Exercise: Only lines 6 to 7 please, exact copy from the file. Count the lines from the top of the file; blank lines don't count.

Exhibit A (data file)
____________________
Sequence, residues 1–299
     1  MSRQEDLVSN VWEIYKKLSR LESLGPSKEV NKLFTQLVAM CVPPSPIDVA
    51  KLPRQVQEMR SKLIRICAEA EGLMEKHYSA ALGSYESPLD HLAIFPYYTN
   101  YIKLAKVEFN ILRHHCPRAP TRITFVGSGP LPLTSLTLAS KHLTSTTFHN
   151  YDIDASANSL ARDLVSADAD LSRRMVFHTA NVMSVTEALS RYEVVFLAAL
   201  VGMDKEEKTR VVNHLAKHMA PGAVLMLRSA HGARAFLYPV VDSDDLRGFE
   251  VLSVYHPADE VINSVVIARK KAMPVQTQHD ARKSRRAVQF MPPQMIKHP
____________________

   201  VGMDKEEKTR VVNHLAKHMA PGAVLMLRSA HGARAFLYPV VDSDDLRGFE
   251  VLSVYHPADE VINSVVIARK KAMPVQTQHD ARKSRRAVQF MPPQMIKHP